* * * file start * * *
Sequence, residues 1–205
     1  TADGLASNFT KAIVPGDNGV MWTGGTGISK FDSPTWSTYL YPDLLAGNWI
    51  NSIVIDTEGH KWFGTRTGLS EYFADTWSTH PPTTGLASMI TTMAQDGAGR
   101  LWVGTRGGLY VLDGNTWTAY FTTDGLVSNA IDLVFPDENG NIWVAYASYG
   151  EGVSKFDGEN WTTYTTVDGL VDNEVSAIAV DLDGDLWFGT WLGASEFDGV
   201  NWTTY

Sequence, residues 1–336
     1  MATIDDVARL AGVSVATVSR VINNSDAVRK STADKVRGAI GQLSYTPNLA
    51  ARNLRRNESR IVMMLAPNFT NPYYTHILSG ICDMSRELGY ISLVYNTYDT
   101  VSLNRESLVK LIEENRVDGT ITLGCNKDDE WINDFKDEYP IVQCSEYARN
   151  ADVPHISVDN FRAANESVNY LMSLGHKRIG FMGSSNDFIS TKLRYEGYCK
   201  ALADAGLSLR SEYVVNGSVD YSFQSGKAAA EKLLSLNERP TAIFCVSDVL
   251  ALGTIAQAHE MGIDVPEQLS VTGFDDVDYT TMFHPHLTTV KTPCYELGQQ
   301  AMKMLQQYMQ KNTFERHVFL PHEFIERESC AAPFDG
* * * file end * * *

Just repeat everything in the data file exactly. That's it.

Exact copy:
Sequence, residues 1–205
     1  TADGLASNFT KAIVPGDNGV MWTGGTGISK FDSPTWSTYL YPDLLAGNWI
    51  NSIVIDTEGH KWFGTRTGLS EYFADTWSTH PPTTGLASMI TTMAQDGAGR
   101  LWVGTRGGLY VLDGNTWTAY FTTDGLVSNA IDLVFPDENG NIWVAYASYG
   151  EGVSKFDGEN WTTYTTVDGL VDNEVSAIAV DLDGDLWFGT WLGASEFDGV
   201  NWTTY

Sequence, residues 1–336
     1  MATIDDVARL AGVSVATVSR VINNSDAVRK STADKVRGAI GQLSYTPNLA
    51  ARNLRRNESR IVMMLAPNFT NPYYTHILSG ICDMSRELGY ISLVYNTYDT
   101  VSLNRESLVK LIEENRVDGT ITLGCNKDDE WINDFKDEYP IVQCSEYARN
   151  ADVPHISVDN FRAANESVNY LMSLGHKRIG FMGSSNDFIS TKLRYEGYCK
   201  ALADAGLSLR SEYVVNGSVD YSFQSGKAAA EKLLSLNERP TAIFCVSDVL
   251  ALGTIAQAHE MGIDVPEQLS VTGFDDVDYT TMFHPHLTTV KTPCYELGQQ
   301  AMKMLQQYMQ KNTFERHVFL PHEFIERESC AAPFDG